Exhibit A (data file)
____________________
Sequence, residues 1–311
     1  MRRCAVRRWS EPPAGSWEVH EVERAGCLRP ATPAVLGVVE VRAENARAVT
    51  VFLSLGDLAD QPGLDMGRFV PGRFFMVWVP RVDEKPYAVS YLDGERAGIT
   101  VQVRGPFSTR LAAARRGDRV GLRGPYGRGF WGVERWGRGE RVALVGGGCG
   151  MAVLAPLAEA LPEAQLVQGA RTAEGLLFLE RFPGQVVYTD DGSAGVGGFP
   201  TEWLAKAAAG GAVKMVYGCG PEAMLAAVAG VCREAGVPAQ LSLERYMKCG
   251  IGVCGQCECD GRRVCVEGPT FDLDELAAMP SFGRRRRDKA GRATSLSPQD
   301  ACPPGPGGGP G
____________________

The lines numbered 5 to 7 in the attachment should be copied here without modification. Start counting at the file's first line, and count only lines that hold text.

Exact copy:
   151  MAVLAPLAEA LPEAQLVQGA RTAEGLLFLE RFPGQVVYTD DGSAGVGGFP
   201  TEWLAKAAAG GAVKMVYGCG PEAMLAAVAG VCREAGVPAQ LSLERYMKCG
   251  IGVCGQCECD GRRVCVEGPT FDLDELAAMP SFGRRRRDKA GRATSLSPQD